SALT LAKE CITY, Sept. 27, 2011 University of Utah organic chemist Peter J. Stang has won a National Medal of Science the highest U.S. honor for a scientist or engineer and is tentatively scheduled to be honored by President Barack Obama at the White House later this year.
"I am very humbled, honored and pleased," said Stang, 69, a distinguished professor of chemistry and former dean of the University of Utah College of Science. "To date, I have had approximately 100 postdoctoral students and Ph.D. students whom I mentored, and this recognizes their work too."
Stang whose family fled the 1956 Soviet invasion of Hungary when he was a teenager was among seven scientists newly honored with the Medal of Science and five inventors honored with a National Medal in Technology and Innovation. The medals were announced this morning by the White House.
Stang was cited by the White House "for his creative contributions to the development of organic supramolecular chemistry and for his outstanding and unique record of public service."
President Obama said: "Each of these extraordinary scientists, engineers and inventors is guided by a passion for innovation, a fearlessness even as they explore the very frontiers of human knowledge, and a desire to make the world a better place. Their ingenuity inspires us all to reach higher and try harder, no matter how difficult the challenges we face."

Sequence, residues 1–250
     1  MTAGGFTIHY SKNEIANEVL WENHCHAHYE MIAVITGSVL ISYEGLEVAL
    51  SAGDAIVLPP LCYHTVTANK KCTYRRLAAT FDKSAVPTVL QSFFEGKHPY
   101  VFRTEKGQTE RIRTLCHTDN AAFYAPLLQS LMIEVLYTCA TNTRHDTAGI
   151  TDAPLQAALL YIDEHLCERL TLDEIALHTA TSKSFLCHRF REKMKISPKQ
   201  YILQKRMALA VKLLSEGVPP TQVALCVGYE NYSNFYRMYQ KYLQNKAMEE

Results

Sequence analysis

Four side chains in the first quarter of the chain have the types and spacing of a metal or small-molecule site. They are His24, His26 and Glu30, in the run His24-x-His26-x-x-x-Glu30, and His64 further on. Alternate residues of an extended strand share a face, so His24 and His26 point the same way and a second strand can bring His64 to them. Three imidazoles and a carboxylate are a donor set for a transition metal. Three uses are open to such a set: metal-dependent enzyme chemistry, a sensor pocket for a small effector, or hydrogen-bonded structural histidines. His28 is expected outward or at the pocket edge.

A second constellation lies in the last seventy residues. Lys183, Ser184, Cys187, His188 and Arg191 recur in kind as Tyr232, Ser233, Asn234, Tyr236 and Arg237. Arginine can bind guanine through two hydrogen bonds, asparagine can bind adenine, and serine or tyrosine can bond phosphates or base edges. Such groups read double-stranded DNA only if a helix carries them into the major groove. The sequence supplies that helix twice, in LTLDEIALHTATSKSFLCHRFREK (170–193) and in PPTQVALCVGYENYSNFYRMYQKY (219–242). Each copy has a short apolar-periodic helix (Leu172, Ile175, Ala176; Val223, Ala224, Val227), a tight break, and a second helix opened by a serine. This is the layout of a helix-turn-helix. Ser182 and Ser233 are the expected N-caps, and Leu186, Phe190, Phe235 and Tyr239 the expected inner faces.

Stang brings to at least four the number of researchers affiliated with the University of Utah to win the medal or a related honor:
-- Geneticist Mario Capecchi won a National Medal of Science from President George W. Bush in 2002, five years before he won the Nobel Prize in Physiology or Medicine.
-- In 2009, President Obama conferred the related National Medal of Technology and Innovation on information age pioneer and Adobe Systems cofounder John Warnock, a University of Utah alumnus in electrical and computer engine
|Contact: Lee Siegel|
University of Utah